Photo by @maatfc
The dust has yet to really settle as Gavin Lewis looks back on one of the most glorious nights in our history.
On Wednesday night, it was thrown high up into the ether when thousands of Spurs fans from all around the world let out a primeval roar of pure, unadulterated joy. Like many, I sank to my knees and gasped for air. I searched deep within myself for a response to this totally insane situation, but a wave of emotion engulfed me, strangling my senses. When I looked up, crumpled red and white shirts were slowly falling to the floor like ten-pins, and a blur of green collapsed into the corner. It was all over.
In life, we try to rationalise and comprehend new situations by utilising past experiences. When thrown into stressful circumstances, most individuals desperately reach for a comparable scenario so that they can determine an appropriate course of action. The trouble is, there is no comparable scenario for what happened at around 9. 55 pm on Wednesday 8th May. It is unlikely that a football fan will ever again witness their team’s bit-part winger, sold to them by the current manager of their greatest rivals, score a 95th minute winner which completed his hat-trick and sent his team into the final of the Champions League. What a ridiculous sentence.
Okay, fine, the game against Manchester City was also bat-sh*t mental. But it didn’t prepare any of us for the drama against Ajax. We’re Tottenham Hotspur, the guys who ‘fail aiming high’ so that even our heroic losses ‘have an echo of glory.’ This wasn’t a loss, but it was heroic.
Okay, fine, the game against Manchester City was also bat-sh*t mental. But it didn’t prepare any of us for the drama against Ajax.
As a fan base, we’ve been through so much collective trauma that I think many of us may have developed deep-rooted psychological issues. Them lot winning the league at The Lane, lasagna-gate, two points from eight games, the FA Cup semi-final defeats, Rivaldo’s f****ng letter; horrible, embarrassing incidences that just don’t bare thinking about. Night’s like Wednesday make all of it worthwhile, and any past pain or misery dissipates away. The brain has a strange way of dulling these distressing episodes, particularly when they’re punctuated with moments of historic brilliance.
The whole team deserves so much credit for showing such desire, passion and resolve. In that second half, they looked like they craved the Champions League trophy- like they yearned for the tangible success that has so far eluded this talented Tottenham side. However, Mauricio Pochettino, our leader, deserves to be singled out for particular praise. He is a true architect of miracles, and this astonishing team is molded in his image.
At this point, I need make a terrible confession. You have to understand, I’m not proud of this. Really, I’m not…but, okay here goes. On more than one occasion this season, I doubted the ability of our gruff, Argentinian general. Ah, that feels so much better now that it’s in the open. I worried that we might have reached our ceiling, and that he wouldn’t be able to take us any further. I echoed pointless platitudes about needing a ‘winning mentality.’ I know, it seems ridiculous now, but football has an amazing ability of making even the most considered sentiments appear quickly erroneous.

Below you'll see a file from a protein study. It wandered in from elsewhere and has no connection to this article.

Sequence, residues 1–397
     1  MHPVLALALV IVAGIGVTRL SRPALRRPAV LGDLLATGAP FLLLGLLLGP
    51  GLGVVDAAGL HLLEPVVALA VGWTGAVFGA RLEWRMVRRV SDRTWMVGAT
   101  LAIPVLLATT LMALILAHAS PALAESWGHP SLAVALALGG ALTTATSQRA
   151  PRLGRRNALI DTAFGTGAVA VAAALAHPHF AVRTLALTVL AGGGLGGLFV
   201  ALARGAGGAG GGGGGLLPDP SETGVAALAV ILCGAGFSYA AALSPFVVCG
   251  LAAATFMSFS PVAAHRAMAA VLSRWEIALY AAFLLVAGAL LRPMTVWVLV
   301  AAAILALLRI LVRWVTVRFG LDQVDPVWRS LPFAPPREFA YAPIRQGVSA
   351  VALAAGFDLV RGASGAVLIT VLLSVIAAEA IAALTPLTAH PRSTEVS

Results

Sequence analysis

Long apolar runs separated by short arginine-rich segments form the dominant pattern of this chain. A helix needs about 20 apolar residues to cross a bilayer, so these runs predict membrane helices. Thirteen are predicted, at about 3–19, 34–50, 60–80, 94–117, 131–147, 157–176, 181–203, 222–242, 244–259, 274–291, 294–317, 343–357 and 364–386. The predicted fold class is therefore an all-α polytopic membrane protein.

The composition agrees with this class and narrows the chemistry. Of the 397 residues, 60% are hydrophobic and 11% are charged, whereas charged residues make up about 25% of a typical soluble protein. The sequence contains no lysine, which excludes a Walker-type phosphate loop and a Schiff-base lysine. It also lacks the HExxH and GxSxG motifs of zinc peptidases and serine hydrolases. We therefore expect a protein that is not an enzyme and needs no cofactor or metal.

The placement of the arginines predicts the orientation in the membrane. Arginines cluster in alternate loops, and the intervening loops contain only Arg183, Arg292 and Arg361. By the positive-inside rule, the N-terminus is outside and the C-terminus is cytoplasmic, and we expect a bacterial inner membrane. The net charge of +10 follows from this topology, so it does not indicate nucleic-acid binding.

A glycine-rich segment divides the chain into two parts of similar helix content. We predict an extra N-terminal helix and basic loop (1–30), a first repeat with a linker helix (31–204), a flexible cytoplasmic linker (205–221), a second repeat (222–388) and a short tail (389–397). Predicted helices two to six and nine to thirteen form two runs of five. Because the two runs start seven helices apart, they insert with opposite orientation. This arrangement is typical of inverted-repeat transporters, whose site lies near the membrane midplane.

The whole team deserves so much credit for showing such desire, passion and resolve.
How on earth did Pochettino managed to squeeze such a performance out of this group of injury ravaged and exhausted players? Dele looked finished at half time, but he came out for the second half looking sharp and rejuvenated. He was truly outstanding. I thought we may never see Trippier in a Spurs shirt again after another defensive horror show, but he came back from the dead after the interval and prowled up and down that right flank in a way that I didn’t think was possible.
And where to even begin with Llorente? Beautiful Llorente! Those piercing blue eyes and handsome features have had to do a lot of heavy lifting for the Spaniard over the last eighteen months, but Wednesday night he showed that he is not just a pretty face. To be honest, he as been a crucial component of our entire Champions League campaign, scoring important goals against both Dortmund and City. Against Ajax he rolled back the years and won header after header. The young Dutch side didn’t know how to deal with this anomaly- a throwback to a different era of football. In many ways, this feels like a last hurrah for the aging Fernando. We didn’t sign the striker in his prime, but he’s shown glimpses of the wonderful, world-cup winning player he once was this season, and he has been a genuine asset.
So, what do we do now? Seriously, any ideas? I’m totally stumped. What if we actually…you know? Do better than just reach the final? Perhaps the world will end. Perhaps the indignant anger that will be generated by Woolwich, Chelsea, West Ham and Scouse fans will create a negative spiritual energy that is so intense it forms a psychedelic vortex that envelops the earth. Perhaps Levy will decide to end on a high, fold the club and turn the new stadium into a monument for Moussa Sissoko. Either way, things will definitely change, because the truth is, despite an enourmous amount of progress over the last five years, we’ve not yet quite eaten at the top table.
Sure, we’ve been thrown a few scraps here and there. The odd gnarled chicken leg, a little slice of cheddar- we’ve certainly got a taste for the finer things. On the 1st June, however, we can put on our best suits, pull up a big comfy chair and stuff ourselves stupid. Because two teams will line up under the lights of the Wanda Metropolitano for the Champions League final, arguably the biggest cup competition in the world. One of those teams wears lilywhite. They come from a corner of North London, and proudly wear the crest of a navy-blue cockerel on their chests. They are Tottenham Hotspur, and they are daring to dream.